”Here Grant plays with genres more than before as well. Stark electronic melodies and rough synths are juxtaposed with soft, mellifluous harmonies with the guesting (and understated wonderfulness of) Sinead O’Connor and his floating, winsome vocals. But this variety of styles embraced within the album could be seen as representation of the tumultuous variety of emotions and mood swings one undergoes when experiencing and coming to terms with heartbreak. For this is undeniably a break-up album. An album of a man who has been knifed in the heart by a shattered relationship and is coming to terms with the anger, depression, desire and love that remains in his soul.”


Honourable Mentions…

Vuvuvultures – Push / Pull

VVV-Strikethrough

There is a sense of foreboding, of death and of something much bigger than us, of something beyond our comprehension that is prevalent throughout. Be it the portentous, doom laden drum beats and bass sounds that awake “The Professional” or the foot-stomping bluesy sleaze of “Your Thoughts Are A Plague”, cataclysmic events are only moments away. Vuvuvultures have brought the end of this world with them and its noise is addictive.

Guitars shudder and grind, basslines throb and groove, drumbeats pound and scatter and above it all, vocals soar and caress. And within, sometimes buried, sometimes bursting forth beyond these instruments are the electronics, the ghosts in the machine that are desperate to break out. Little glitchy moments here, synthy wails there, digital flourishes that embellish and enhance. On “Tell No One” especially, the machines are coming and the electronics give it an extra feeling of danger, of despair and of impending menace.

Peppered within the album too are fleeting moments where they have taken over entirely, the A.I finding a way to circumvent its masters and the machines talk to one another. They appear at the end of the “Whatever You Will” and the slower undulations of the snake like “Empurrar/Puxar” (Push/Pull in Portuguese) which close the album give way to a minute or so of digital whirring and twitching, calling out to its brothers and signalling perhaps the next stage of Vuvuvultures evolution.

“Push/Pull” is on Energy Snake Records / Cadiz and can be ordered here.



Ms Mr – Secondhand Rapture

MS MR Secondhand Rapture

MS MR resides in a world of the macabre, a world of glitchy electronics, incessant rhythms, swirling strings and deliciously gloomy vocal harmonies. ”We really get off and thrive on a certain level of uneasiness and suspense” Lizzy told us, and that is apparent throughout Secondhand Rapture. Be it the upbeat, clap-happy fun of “Salty Sweet” or the slower melancholy of “Twenty Seven” and “This Isn’t Control”, there is always a sense of disquiet and drama within. It’s just how pop should be, full of big, majestic melodies and hooks big enough to catch a whale. The brilliantly brooding “BTSK” even contains a synth line that is oddly reminiscent of some unnecessarily successful 90s euro-dance, it sounds amazing.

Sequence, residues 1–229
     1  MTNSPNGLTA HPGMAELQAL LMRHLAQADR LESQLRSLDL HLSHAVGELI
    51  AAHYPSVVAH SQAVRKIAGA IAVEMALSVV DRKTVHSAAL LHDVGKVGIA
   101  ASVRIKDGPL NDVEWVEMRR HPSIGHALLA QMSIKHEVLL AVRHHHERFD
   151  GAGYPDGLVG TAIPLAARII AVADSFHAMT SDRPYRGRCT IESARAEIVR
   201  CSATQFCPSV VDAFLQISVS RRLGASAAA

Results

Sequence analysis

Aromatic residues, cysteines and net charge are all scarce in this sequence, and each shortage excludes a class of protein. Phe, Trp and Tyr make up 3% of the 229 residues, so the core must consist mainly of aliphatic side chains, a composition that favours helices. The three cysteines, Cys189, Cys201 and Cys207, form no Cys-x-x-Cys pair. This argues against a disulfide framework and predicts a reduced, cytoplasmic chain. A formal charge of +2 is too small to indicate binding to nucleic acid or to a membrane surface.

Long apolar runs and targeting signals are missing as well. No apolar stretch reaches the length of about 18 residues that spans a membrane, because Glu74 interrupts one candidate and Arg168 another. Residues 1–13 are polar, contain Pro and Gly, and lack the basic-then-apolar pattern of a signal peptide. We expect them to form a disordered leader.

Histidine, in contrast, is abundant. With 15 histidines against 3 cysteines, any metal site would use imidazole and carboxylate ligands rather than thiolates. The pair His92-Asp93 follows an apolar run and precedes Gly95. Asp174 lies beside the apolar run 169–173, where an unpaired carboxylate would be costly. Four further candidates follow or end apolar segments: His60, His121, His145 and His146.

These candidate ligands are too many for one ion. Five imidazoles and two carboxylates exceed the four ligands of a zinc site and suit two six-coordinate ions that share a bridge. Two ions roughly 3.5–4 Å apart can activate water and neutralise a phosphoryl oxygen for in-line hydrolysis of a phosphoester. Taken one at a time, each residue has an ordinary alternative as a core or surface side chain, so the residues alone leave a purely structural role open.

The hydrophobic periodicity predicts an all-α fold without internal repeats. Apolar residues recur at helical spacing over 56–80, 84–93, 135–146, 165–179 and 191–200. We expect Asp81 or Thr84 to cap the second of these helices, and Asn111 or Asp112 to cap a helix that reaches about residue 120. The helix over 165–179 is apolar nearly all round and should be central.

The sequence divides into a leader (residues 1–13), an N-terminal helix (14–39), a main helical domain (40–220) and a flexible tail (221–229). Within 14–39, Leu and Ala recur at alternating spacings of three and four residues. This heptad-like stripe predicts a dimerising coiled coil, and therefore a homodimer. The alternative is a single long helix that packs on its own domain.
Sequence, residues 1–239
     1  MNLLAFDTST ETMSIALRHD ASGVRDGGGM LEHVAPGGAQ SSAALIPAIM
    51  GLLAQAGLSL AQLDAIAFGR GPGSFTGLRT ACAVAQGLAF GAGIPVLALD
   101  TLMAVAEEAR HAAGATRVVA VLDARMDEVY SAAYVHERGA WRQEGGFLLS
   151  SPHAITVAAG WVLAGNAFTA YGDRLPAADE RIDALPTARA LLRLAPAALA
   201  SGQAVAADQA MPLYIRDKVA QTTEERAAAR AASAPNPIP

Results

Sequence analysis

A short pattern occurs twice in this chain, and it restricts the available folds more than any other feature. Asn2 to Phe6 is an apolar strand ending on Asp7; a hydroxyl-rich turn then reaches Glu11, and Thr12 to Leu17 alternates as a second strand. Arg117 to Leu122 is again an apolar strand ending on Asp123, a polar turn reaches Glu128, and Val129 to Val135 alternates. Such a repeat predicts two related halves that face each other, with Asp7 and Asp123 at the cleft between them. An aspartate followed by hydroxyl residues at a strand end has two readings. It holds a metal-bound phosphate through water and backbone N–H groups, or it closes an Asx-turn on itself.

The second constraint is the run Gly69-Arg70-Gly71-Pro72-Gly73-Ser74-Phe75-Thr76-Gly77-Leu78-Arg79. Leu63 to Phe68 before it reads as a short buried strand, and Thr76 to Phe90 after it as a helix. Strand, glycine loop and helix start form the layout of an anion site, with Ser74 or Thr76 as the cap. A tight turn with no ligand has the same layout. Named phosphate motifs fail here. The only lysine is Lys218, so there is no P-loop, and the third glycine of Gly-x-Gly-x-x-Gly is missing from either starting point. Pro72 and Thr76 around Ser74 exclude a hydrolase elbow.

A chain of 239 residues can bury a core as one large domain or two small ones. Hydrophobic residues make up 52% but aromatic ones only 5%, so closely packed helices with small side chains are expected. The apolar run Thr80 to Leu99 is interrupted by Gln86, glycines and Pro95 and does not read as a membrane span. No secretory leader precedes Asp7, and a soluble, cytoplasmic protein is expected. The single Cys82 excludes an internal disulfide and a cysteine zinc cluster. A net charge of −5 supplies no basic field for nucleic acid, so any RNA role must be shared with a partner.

There are so many highlights within; it is almost like a greatest hit compilation. Picking the next single is more taxing than trying a Rubik’s cube while drunk but our money would be on “No Trace”. It’s a beautiful and brutally theatrical piece of noir-pop, full of attitude and sass as well as trademark MS MR rhythms and striking film score-esque strings that urgently harry and batter the listener into sublime submission.

MS MR have been hitting home runs since they came out swinging last year and after the success and acclaim of their previous singles, videos and EP, with Secondhand Rapture they may well have just hit a grand slam.

Secondhand Rapture is available digitally from iTunes.



Little Tybee – For Distant Viewing

Little Tybee

After opening with some delightful, occasional tropical sounding, jazzy folk sounds, we are treated to four minutes of swooshing instrumentalism, laced with gentle prog-rock sensibilities on “Fantastic Planet”. “Herman” drips with aquatic, almost sonar style elements that complement the rich string orchestration before, seemingly out of no-where, dropping in a surprising moment of grinding reverb. It is as unexpected as it is perfect, but it remains the only fleeting moment of rough with the otherwise very smooth.

For Distant Viewing inculcates a care free attitude in its listener. Soothing, heavenly strings entwine with Brock Scott’s rich and slightly sweet vocals as they lick flame like around the rat-a-tat of percussion and the light twang of guitar. It feels fresh at every listen, as if it has just been conceived, improvised, jammed. It is an album that will make you smile, make you sway and hell, maybe even kick off your shoes and have a little shuffle.

Named after an island off the coast of Savannah, Georgia, the music of Little Tybee has a sun kissed feel, not bleached out and surf swept, but bright and breezy. Part Vampire Weekend, part Simon and Garfunkel, perhaps even part Juan Zelada (for they have his charm in their song writing), it is like a glorious summer’s day, it is to be revelled in.